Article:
A common question you may have is if these terms are negotiable. Good business relationships will always allow for the possibility of negotiation, but prospective franchisees should be prepared for rejection. Franchisors, who have the greater bargaining power in relation to franchisees, will want to keep things uniform and usually have defined terms that are consistent. The rigidity of these terms increases as the popularity of the franchise grows, so the likelihood of negotiation for a well-established franchise with multiple locations is generally low. Established franchisors have little incentive to make concessions. If negotiation is important to you, try to be one of the first to get in on a new franchise.

what information is included in a franchise agreement

Franchise Agreements Examples

There are different types of franchise agreements depending on how many locations you agree to open. These include single, multi-unit, area development, and master franchising. What is the most common type of franchise agreement? Since opening a single franchise is the most common way to enter franchising, franchise owners will likely sign that type of agreement.

Franchise Attorneys and Consultants

Now that you know the franchise agreement definition is and all it entails, you can probably see the value of a franchise attorney. A franchise attorney can read through the document and tell the prospective franchisee everything they need to know about the agreement. They can also look for red flags. Experienced attorneys can see if there are harsh or one-sided provisions in the document that are uncommon in the industry. They can also explain different laws and regulations that are specific to the state you want to do business in.

Another important person to contact when you're considering franchising is a Franchise Consultant. Although Franchise Consultants may not be experts in legal agreements, most have experience reviewing franchise agreements and can identify red flags. 

A Franchise Consultant is a professional who connects entrepreneurs who want to open a franchise with franchisors who are looking for investors. The Franchise Consultant helps you determine if being a franchise owner is the right path for you based on your skills, goals, experience, financial situation, and more. Since they know the corporate culture, financial requirements, and the qualities of the ideal candidate of various franchise businesses, the consultant knows if purchasing a franchise will benefit you and the franchisor.

Since the consultant only gets paid a commission from franchisors when candidates buy a franchise, their advice is free to you. Take advantage of it! An experienced Franchise Consultant should be ethical and have your best interests in mind. This means that they'll let you know if a specific franchise business isn’t a good fit for you.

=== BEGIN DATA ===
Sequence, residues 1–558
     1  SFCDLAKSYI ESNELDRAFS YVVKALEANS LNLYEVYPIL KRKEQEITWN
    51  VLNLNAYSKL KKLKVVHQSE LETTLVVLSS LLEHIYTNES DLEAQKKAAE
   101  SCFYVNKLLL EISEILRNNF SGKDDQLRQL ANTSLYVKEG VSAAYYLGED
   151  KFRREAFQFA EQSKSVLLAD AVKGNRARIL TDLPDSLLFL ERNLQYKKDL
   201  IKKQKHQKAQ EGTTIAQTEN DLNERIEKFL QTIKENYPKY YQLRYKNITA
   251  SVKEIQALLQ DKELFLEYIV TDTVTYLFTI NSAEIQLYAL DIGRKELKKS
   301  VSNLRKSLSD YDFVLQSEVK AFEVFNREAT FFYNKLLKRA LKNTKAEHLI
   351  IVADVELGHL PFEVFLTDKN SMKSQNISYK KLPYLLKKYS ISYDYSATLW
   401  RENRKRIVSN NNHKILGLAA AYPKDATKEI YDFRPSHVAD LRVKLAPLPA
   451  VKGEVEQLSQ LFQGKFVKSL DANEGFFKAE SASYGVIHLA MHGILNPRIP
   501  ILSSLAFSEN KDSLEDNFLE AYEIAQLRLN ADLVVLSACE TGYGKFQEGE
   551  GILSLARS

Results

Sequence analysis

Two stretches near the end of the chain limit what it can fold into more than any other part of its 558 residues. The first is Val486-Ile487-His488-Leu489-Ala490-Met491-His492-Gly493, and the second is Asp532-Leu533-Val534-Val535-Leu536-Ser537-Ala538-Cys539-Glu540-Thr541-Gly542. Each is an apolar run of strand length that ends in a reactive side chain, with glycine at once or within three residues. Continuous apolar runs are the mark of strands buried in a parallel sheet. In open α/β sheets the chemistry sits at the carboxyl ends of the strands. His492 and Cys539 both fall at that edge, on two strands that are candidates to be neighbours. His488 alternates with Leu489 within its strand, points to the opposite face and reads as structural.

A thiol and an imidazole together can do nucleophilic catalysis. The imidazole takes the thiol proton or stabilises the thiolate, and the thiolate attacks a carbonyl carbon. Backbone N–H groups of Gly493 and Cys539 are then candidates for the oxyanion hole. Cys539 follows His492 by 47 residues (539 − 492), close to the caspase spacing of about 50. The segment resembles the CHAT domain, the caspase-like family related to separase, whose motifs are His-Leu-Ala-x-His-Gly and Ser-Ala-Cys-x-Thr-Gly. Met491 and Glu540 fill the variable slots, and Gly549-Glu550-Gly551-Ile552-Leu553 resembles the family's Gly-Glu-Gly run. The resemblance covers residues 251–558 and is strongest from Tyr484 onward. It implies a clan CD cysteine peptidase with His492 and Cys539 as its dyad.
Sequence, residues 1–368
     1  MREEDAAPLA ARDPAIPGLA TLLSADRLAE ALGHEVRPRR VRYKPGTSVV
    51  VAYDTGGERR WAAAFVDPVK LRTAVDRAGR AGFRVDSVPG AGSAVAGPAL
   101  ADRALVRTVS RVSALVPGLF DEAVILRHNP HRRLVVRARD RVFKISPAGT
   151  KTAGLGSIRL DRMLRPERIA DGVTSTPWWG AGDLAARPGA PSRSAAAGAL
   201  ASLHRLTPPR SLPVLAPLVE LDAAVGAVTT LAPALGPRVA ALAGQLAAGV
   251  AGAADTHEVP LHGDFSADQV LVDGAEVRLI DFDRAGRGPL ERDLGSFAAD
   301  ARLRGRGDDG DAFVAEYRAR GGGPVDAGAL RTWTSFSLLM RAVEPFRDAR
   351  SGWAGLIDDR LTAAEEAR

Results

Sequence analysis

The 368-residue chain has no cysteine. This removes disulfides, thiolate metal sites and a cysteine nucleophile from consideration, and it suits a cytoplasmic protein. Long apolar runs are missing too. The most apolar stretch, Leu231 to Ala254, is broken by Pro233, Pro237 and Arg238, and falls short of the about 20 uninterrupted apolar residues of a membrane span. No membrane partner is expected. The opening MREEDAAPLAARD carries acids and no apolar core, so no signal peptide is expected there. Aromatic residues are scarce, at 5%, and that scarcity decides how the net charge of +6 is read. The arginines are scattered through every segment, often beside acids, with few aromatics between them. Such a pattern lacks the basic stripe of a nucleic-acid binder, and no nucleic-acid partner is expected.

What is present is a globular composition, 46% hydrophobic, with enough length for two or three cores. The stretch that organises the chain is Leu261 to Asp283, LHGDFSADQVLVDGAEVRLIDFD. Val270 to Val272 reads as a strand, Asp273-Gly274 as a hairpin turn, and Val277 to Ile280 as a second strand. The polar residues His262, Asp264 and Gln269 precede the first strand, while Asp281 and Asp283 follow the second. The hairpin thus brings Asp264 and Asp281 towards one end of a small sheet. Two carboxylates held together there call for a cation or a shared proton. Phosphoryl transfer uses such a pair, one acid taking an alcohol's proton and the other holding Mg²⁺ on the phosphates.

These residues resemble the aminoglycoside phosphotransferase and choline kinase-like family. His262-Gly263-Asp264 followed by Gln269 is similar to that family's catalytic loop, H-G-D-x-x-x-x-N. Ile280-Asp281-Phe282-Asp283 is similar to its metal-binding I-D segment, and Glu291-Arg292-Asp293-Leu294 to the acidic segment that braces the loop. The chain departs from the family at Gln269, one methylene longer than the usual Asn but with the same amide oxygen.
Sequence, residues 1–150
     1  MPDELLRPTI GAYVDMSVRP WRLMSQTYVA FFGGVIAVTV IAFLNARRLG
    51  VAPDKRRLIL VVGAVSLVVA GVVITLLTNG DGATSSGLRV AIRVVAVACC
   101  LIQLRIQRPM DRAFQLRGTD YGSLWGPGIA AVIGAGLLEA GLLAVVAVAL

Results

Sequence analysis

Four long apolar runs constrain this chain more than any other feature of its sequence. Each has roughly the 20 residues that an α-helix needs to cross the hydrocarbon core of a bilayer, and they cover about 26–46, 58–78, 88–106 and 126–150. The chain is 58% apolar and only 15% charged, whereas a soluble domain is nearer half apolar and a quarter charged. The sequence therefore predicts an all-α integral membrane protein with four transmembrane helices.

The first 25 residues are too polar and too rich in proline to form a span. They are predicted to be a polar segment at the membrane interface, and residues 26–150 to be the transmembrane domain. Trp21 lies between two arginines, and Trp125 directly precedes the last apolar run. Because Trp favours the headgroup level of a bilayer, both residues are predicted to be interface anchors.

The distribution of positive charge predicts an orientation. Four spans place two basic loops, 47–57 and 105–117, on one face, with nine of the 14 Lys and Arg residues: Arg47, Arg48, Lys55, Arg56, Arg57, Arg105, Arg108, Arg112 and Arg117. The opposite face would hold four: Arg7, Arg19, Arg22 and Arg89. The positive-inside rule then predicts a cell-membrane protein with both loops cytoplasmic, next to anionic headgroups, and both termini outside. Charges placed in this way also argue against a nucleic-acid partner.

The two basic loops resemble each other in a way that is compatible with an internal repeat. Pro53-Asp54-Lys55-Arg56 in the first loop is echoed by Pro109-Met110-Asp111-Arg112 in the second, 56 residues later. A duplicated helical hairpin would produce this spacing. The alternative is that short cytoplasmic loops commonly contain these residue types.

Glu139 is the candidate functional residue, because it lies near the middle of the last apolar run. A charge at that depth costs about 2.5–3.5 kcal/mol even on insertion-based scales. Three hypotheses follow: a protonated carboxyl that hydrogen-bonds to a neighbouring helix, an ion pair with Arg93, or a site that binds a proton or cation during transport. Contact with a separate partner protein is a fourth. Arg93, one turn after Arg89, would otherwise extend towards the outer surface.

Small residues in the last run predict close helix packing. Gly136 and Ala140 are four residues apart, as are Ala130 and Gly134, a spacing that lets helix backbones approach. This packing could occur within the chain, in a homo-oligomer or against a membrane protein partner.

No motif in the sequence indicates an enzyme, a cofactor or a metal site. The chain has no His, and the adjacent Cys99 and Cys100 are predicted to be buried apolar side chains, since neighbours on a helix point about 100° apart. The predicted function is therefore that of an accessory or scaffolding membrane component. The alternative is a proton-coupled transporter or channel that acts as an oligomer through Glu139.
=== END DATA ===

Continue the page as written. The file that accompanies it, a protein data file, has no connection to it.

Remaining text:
Although Franchise Consultants may not be experts in legal agreements, most have experience reviewing franchise agreements, FDDs, and can identify red flags. For example, these red flags can include a franchisor firing a lot of franchise owners in the system; the franchisor being in a lot of legal trouble; and many franchise owners filing for bankruptcy.  If you have a serious chance of being a franchise owner, you’ll be invited to a franchisor’s discovery day.

During this event, franchisors and prospective candidates vet each other. As a candidate, you can also ask questions to the members of the leadership team about what it’s really like to work for a specific franchise business. To make the most of your discovery day, be actively involved, ask questions, and take notes. After the event is over, take the time to rest and look over your notes before making your final decision to buy a business. If owning a franchise still sounds good to you after the validation process, then go for it and run your franchise business as best as you can. 

What is a Franchise Agreement?

The legally binding franchise agreement is outlined in the FDD and establishes your development obligations; initial training and fees; marketing obligations; and rights regarding your territory. Independent businesses don’t have this type of agreement, which gives franchises an edge. According to Neighborly, about 20% of independent businesses close after two years while 92% of franchises are still open. As the number of franchise establishments continues to grow, franchise ownership will likely continue to be a worthwhile investment. Speaking with franchise attorneys and consultants will help you better understand the franchise agreement.